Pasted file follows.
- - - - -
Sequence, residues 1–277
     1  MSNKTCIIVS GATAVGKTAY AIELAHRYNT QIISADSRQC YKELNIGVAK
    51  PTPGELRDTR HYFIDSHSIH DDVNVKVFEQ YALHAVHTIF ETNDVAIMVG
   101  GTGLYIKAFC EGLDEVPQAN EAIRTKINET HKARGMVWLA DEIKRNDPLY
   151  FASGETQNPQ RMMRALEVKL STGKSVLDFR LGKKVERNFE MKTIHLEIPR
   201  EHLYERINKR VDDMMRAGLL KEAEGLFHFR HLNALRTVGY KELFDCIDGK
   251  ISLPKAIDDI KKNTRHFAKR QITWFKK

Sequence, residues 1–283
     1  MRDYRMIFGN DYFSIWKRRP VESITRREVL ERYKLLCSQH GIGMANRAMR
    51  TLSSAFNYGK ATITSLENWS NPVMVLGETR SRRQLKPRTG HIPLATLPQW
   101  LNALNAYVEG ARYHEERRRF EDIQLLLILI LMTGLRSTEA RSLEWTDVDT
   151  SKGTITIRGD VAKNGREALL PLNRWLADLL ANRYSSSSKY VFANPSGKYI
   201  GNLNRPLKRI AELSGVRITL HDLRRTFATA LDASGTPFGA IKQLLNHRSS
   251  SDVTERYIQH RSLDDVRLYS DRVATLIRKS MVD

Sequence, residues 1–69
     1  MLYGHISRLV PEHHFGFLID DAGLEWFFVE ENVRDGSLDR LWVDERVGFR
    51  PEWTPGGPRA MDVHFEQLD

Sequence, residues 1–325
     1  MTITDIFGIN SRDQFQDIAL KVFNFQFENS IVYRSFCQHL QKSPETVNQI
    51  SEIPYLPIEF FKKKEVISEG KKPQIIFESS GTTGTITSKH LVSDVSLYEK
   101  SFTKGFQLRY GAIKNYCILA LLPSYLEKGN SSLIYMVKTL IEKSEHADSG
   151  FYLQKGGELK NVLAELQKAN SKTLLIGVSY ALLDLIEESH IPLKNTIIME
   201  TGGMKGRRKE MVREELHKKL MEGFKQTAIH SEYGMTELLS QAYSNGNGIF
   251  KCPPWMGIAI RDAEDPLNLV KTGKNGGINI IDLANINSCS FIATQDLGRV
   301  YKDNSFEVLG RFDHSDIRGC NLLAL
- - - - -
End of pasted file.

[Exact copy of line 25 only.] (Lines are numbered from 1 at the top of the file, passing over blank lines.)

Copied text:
   301  YKDNSFEVLG RFDHSDIRGC NLLAL